MIECZYSŁAW BEKKER

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MIECZYSŁAW BEKKER

Without this Pole, it would not have been be possible to go to the moon. Mieczysław Grzegorz Bekker was born on May 25, 1905, in the Lublin region, in Strzyżów near Hrubieszów. His father Marian worked in a sugar plant in Strzyżów. All his youth and years of education took place in Konin. After graduating from high school, Bekker was educated in the Cadet School in Modlin, which he graduated in the rank of second lieutenant, and afterwards studied at the Warsaw Polytechnic at the Faculty of Mechanical Engineering. After graduation he worked at the Military Institute of Engineering Research while at the same time lecturing at the Faculty of Mechanical Engineering of the Warsaw Polytechnic and at the School of Military Engineering. Bekker’s specialty was cars. For instance, he prepared vehicle designs for the Armored troops Command and constructed the Polish Fiat 508 “Jeep”, an off-road vehicle. He developed theoretical assumptions for off-road vehicles, proving the superiority of wheeled undercarriages. In the future, his concepts would bring him global fame as Bekker is considered to be the creator of a new field in technical sciences – terramechanics. In 1939, Bekker set out to fight the German aggressor and after the defensive war, he managed to get to France and get a job at the Tank Department of the Ministry of Armaments in Paris. From that time, up to the last days of his life, Bekker developed his talent abroad, but never renounced his homeland. In 1942, he accepted a job offer from Canadian authorities and found himself in Ottawa as a specialist in the Armored Weapons Research Office. In order to be able to use military laboratories without any hinderances, he joined the Canadian army in 1943 and developed Canadian military vehicle projects so that they be able to move freely on any, even the most difficult, terrain. While continuing in Canadian service, Bekker lectured at military American universities in New York and Washington. He appeared in the Canadian Army in 1956 as a lieutenant colonel and henceforth worked for the United States. Appreciating the knowledge and capabilities of a learned Pole, in 1961 he was appointed the director of the Automotive Research Group for General Motors Corporation AC in Santa Barbara, California. Bekker worked on the concept of a lunar vehicle. In 1961, NASA announced a competition to build a vehicle capable of moving around the surface of the Moon. In addition to Bekker’s team, another team led by a Pole, the famous structural engineer Stanisław Rogalski (1904-1976), participated in the competition. In Poland, Stanisław Rogalski was a co-constructor and producer of RWD aircraft (the name comes from the first letters of the names of three engineers: Rogalski, Wigura, and Drzewiecki). Rogalski worked after the war in the American aviation industry and was the author of many technical solutions allowing for the modernization of aircraft and helicopter production. The winner of the prestigious competition was Mieczysław Grzegorz Bekker. His project was accepted for implementation at General Motors in cooperation with Boeing plants. The Bekker vehicle was called Lunar Roving Vehicle – LRV or Rover (Wanderer) for short. The lunar vehicle had a length of 3 m 25 cm and 1 m 80 cm wide, weighed 208 kg and could take half a ton of cargo. The builder used four-wheel drive each moved by an electric motor powered by two batteries with a total capacity of 240 Ah. The rover could travel a distance of 100 km. In total, the Bekker team created three lunar vehicle designs to be manufactured and they were subsequently used in three manned expeditions: Apollo 15 (1971), Apollo 16 (1972) and Apollo 17 (1972). After completing the tasks, all vehicles were left on the moon. According to the opinion of all astronauts, the vehicles performed their tasks perfectly, were very manoeuvrable, climbed slopes perfectly, and, most importantly, reached places where a man in a hard suit would never reach.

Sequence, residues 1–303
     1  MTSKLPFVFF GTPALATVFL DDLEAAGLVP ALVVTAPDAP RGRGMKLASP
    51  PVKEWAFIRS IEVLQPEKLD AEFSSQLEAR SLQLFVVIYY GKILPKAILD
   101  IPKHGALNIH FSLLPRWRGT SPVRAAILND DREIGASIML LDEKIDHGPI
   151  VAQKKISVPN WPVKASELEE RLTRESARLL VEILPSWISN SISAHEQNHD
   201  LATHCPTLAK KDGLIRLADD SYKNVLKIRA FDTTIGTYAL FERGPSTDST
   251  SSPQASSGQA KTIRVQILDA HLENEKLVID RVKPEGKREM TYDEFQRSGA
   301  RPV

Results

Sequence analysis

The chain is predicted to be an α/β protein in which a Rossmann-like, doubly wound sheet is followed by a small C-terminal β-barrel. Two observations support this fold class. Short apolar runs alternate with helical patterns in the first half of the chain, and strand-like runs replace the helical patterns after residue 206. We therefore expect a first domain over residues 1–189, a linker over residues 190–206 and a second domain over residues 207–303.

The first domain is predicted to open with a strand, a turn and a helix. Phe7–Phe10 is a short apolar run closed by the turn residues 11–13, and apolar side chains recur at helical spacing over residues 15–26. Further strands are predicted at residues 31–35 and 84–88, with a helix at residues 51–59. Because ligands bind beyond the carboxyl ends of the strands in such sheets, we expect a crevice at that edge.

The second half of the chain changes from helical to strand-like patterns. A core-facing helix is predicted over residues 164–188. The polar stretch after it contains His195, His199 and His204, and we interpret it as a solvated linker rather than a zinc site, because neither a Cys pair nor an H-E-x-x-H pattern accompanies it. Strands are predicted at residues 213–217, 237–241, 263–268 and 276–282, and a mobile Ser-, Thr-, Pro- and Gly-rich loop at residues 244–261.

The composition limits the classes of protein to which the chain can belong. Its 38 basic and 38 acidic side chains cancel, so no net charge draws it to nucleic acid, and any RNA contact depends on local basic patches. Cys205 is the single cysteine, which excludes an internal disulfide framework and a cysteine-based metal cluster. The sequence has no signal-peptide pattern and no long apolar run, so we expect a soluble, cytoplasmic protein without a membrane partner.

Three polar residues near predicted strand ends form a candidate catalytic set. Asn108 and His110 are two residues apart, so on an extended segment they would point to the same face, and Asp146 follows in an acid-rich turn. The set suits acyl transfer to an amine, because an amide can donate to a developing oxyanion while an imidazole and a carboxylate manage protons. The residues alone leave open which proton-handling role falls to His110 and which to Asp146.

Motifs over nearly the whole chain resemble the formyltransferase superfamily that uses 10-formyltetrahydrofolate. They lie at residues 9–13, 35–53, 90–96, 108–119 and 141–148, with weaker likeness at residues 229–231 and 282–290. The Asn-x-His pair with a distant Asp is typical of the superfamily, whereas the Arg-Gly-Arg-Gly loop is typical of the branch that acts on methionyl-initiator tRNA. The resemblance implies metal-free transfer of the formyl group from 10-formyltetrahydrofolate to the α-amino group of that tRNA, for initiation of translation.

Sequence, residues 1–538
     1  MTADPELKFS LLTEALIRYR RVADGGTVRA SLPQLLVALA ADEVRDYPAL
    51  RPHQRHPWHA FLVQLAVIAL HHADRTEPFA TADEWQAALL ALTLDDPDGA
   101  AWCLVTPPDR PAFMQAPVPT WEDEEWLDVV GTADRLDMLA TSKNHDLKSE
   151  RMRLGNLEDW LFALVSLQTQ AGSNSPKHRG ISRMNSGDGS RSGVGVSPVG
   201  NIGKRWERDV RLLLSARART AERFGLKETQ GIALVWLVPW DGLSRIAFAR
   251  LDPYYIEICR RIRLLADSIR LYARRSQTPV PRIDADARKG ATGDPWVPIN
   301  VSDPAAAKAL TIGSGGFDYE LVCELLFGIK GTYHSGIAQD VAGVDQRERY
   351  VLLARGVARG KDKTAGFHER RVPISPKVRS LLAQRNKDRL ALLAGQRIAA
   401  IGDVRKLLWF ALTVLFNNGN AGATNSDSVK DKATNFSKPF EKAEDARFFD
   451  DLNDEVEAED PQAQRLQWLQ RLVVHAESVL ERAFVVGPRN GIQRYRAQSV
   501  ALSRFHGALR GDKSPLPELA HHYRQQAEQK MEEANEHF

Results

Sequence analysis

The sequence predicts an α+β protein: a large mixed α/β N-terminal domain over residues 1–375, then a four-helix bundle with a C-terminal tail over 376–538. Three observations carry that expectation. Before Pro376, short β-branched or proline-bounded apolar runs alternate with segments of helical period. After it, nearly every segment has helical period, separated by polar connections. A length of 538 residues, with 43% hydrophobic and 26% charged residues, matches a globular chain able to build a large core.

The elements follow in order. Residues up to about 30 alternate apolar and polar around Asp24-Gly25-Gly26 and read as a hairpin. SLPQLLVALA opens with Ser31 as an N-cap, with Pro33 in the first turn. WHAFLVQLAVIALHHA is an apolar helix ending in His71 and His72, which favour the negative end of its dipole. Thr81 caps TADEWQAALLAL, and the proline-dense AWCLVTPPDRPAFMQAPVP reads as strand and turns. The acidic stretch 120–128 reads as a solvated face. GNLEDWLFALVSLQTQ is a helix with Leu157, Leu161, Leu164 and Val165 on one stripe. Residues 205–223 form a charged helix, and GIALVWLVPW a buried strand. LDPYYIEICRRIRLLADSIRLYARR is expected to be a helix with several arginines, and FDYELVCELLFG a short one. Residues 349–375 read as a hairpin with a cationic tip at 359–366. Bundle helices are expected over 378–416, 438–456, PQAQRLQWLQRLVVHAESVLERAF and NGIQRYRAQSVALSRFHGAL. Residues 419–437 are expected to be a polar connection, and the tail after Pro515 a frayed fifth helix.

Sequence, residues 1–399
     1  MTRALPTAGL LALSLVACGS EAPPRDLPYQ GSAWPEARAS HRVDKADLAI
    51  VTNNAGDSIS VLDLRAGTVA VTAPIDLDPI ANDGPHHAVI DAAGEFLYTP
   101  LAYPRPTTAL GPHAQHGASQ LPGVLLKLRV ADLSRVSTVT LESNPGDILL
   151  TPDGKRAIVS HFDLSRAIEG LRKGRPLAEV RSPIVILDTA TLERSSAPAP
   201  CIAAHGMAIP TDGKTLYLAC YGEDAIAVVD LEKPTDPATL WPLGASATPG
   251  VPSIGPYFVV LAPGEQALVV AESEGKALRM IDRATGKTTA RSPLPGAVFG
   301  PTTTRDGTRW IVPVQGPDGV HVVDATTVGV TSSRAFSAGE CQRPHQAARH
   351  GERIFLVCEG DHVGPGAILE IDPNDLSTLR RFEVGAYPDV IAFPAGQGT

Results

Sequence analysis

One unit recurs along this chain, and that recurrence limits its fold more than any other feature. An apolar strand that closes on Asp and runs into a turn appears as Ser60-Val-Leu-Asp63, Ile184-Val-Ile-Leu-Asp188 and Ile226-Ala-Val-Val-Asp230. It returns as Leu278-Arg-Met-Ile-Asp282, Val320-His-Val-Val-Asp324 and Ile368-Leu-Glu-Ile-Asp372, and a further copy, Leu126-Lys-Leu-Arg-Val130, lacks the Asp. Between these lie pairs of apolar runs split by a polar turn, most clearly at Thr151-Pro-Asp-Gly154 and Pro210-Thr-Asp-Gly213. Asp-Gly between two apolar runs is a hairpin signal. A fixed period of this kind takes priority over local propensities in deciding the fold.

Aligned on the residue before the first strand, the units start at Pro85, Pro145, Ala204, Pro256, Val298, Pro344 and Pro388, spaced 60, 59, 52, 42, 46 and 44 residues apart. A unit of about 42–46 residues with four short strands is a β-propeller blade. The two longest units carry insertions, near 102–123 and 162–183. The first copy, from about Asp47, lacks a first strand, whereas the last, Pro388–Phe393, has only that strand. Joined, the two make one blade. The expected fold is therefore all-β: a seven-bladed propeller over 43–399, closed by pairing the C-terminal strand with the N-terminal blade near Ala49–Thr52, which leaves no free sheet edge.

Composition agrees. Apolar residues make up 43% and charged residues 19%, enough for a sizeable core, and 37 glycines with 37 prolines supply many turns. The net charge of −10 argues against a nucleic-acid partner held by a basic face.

The invention of the Polish engineer was called a “phenomenal achievement”. In America, it was estimated that thanks to the Bekker vehicles, 70% more information about the Moon was obtained than without them. Mieczysław Bekker died on January 8, 1989 in Santa Barbara at the age of 84.

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